Teachers, parents, and students know a holistic education includes teaching children creativity, civic courage, leadership, teamwork and social responsibility—skills that can’t be neatly quantified by standardized tests and will cease to be taught if educators’ jobs are tied to high-stakes tests. Moreover, in this era of economic recession and ongoing war, it would seem all the more urgent to develop students who can think beyond filling-in-the-bubble to come up with innovative ideas to big societal problems.
As teachers, union members, parents and civil rights advocates we offer an opposing plan to provide a quality education for all and to close the opportunity gap: fully fund and equalize school resources, reinstate the recently abolished “Department of Race and Equity” to help ensure culturally relevant pedagogy and assessment, lower class size to provide the individualized attention that students deserve, and support the most effective form of assessment that has yet to be devised—one that can adjust to every child, evaluate results quickly, and make appropriate changes in instruction—the human educator.
The mantle of the Civil Rights movement does not belong to those who propose relegating students and teachers to the back of the education system with unscientific, curriculum narrowing tests, but rather to those who refuse to give up their position at the front of the struggle to eliminate the inequities that result in achievement disparities.
– Jesse Hagopian teaches at Garfield High School and is a founding member of the Social Equality Educators, a group of progressive union teachers in the Seattle Public School district. Hagopian will be joining a panel of social justice education advocates for the forum:
“Achievement Gap or Opportunity Gap: Fighting Racism in the Public Schools”
Thursday, May, 19th, 2011—7:00 pm
Mt. Zion Baptist Church
1634 19th Ave.
Seattle, WA 98122
Featuring: James Bible, president of the King Co. NAACP
Wayne Au, editor of Rethinking Schools
Olga Addae, President of the Seattle Education Association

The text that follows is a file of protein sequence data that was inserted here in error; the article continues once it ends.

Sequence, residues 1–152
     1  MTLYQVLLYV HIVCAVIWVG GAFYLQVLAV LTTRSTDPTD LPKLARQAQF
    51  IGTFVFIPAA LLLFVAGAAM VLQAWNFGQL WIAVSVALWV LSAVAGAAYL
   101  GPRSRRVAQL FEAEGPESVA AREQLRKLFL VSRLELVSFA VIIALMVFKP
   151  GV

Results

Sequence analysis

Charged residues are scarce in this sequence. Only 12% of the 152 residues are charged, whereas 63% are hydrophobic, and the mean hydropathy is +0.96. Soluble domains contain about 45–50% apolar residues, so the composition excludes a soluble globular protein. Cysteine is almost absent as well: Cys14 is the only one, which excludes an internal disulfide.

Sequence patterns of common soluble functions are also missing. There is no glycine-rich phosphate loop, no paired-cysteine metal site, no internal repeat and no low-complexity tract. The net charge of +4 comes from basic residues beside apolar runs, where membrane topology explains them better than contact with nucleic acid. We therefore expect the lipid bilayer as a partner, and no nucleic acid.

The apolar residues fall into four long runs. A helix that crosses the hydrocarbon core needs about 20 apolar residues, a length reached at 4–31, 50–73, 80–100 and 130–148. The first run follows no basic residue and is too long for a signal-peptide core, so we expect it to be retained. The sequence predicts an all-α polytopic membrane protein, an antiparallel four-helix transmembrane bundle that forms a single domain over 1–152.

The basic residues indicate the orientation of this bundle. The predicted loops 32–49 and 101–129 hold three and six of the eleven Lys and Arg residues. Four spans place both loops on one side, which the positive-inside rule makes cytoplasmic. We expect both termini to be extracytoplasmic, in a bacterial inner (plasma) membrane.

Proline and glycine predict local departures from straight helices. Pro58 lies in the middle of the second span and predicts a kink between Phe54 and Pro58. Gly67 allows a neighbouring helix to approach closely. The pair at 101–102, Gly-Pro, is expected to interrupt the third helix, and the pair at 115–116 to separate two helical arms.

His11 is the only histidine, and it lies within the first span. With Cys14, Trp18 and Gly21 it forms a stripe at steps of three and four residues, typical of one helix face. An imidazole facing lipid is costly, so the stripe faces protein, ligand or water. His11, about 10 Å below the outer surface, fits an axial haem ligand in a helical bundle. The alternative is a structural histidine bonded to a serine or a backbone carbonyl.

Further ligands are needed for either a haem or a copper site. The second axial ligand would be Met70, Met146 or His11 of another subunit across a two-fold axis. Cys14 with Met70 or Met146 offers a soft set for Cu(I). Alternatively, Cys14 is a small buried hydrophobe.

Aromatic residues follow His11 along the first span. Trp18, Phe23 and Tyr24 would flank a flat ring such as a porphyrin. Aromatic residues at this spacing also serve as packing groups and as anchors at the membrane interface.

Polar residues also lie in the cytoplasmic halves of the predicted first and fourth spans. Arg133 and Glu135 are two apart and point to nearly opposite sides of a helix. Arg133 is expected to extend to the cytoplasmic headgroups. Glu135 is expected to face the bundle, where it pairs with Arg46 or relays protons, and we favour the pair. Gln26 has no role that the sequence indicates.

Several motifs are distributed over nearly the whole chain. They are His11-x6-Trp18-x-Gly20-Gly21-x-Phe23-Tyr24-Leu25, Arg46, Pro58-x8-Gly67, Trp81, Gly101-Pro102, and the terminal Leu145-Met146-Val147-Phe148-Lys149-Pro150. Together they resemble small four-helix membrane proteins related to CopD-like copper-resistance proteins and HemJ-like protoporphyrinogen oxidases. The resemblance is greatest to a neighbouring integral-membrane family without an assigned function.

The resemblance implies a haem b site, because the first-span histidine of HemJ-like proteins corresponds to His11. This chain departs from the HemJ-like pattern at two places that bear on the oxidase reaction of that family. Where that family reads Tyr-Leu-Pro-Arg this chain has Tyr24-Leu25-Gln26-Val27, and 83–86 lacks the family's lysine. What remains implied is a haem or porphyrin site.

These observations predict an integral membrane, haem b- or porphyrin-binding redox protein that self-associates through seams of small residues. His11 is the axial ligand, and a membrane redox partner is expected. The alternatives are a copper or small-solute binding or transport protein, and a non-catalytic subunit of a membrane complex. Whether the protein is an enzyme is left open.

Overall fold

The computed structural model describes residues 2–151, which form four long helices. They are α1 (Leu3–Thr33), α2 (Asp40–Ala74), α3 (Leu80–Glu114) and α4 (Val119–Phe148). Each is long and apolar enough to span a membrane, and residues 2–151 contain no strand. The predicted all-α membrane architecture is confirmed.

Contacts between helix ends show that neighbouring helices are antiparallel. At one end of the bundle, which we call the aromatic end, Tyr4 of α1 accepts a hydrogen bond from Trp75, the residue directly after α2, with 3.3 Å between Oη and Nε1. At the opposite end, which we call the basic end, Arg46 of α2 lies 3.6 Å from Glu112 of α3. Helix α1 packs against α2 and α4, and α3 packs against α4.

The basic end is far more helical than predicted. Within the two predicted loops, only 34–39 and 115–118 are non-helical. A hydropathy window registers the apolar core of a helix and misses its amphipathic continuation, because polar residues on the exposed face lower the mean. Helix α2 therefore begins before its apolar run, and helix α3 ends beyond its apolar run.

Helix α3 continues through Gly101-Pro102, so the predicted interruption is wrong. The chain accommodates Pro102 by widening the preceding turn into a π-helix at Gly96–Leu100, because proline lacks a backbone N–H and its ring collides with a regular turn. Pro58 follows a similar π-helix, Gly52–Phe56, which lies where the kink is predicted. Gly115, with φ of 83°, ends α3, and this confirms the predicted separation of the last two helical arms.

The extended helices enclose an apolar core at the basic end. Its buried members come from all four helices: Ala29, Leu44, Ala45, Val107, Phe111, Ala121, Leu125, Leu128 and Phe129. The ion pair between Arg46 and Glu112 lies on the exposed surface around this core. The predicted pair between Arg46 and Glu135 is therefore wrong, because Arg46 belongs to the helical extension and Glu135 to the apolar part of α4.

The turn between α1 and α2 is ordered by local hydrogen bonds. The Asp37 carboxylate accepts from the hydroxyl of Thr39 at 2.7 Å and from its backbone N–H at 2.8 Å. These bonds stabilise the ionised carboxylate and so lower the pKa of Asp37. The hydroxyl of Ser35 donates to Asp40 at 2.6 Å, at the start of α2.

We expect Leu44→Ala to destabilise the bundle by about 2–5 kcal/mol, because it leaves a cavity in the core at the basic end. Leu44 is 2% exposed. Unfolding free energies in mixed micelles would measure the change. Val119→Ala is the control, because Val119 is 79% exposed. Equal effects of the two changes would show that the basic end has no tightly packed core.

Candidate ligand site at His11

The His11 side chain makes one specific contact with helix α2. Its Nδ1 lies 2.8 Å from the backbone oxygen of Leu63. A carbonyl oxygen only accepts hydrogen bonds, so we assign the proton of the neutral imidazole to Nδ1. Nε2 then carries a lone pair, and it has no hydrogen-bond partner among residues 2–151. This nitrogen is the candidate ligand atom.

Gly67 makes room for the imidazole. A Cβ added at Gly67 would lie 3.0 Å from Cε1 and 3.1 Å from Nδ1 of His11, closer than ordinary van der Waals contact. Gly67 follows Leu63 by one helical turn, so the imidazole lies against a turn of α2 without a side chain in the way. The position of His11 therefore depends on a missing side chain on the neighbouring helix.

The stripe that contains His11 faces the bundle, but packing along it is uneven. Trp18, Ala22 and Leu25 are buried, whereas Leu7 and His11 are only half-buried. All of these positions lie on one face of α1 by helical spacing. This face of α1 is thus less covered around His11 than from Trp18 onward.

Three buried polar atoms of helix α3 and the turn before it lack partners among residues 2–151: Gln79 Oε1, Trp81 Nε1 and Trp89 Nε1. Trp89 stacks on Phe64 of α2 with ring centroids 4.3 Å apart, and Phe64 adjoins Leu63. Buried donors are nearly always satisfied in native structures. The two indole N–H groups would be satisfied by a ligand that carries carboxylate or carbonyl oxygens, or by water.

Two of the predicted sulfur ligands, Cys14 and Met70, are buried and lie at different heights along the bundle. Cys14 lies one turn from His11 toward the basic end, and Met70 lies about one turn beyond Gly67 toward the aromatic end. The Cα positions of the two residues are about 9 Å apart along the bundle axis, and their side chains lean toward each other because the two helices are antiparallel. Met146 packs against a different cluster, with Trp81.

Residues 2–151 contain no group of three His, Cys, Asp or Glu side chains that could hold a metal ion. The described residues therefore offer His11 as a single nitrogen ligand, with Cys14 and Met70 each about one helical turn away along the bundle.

Dora Taylor, Parents Across America, Founding Member
Check out the Facebook page, Acheivement Gap or Opportunity Gap? Fighting Racism in Public Schools.
Interesting article, but I feel the need to clarify regarding MAP. It is a tool that can and should be used for formative evaluation: to increase student achievement by giving teachers immediate (within 48 hours) feedback regarding where the child is (across many areas of the subject). It is an “adaptive” test, so it is not the same test for any one child, rather, it adapts to whether the child gets the question right or wrong, continually doing this to get a complete picture of where they are at that point in time. I strongly believe it should not be used as a high stakes test, but am saddened to hear that Seattle schools pulled back on it due to a conflict of interest. Using MAP in schools allows teachers to offer a “well-rounded, creative, FUN, and MEANINGFUL education that all students deserve” (words from the commenter above). (Note: I do not work for the NWEA, but teach in an international school with a very diverse population (socioeconomic, culture, language, previous educational experiences, and abilities) that uses MAP as a successful means to increase student achievement.
I agree with the notion that MAP tests should not be used for high stakes. However I would like to comment on the formative assessment value of the math portion of the MAP. I subjected my ninth grade math students to MAP tests and it was clear from the few questions I looked at that there were questions on the tests that were not very clear, even I was confused. In addition the score results for an individual student would bounce around and were not consistent. I spoke with other teachers in our school and they agreed the assessment was not any good.
The tests were sold as a way to assess student growth in a particular area. From my experience I don’t feel they give a good formative evaluation, at least not in math. The MAP Math Test does not do what we were told it would and instead is being used for the high stakes purpose of placing a teacher on probation. This is the classic sales gimmick of “Bate and Switch,” Something learned in the ethic-less business schools not the education schools.
In my opinion, the test is bleeding resources, money, time, effort, and emotional stability from the classroom. In fact I do not see any value in it at all other than “negative minus.”
I don’t need a million-dollar-plus computer program to tell me where a student is lacking in skills. I have, classroom tests, homework assignments, verbal quizzes, observations, family contacts, professional intuition, and personal interaction with the students. I don’t really need an expensive MAP test.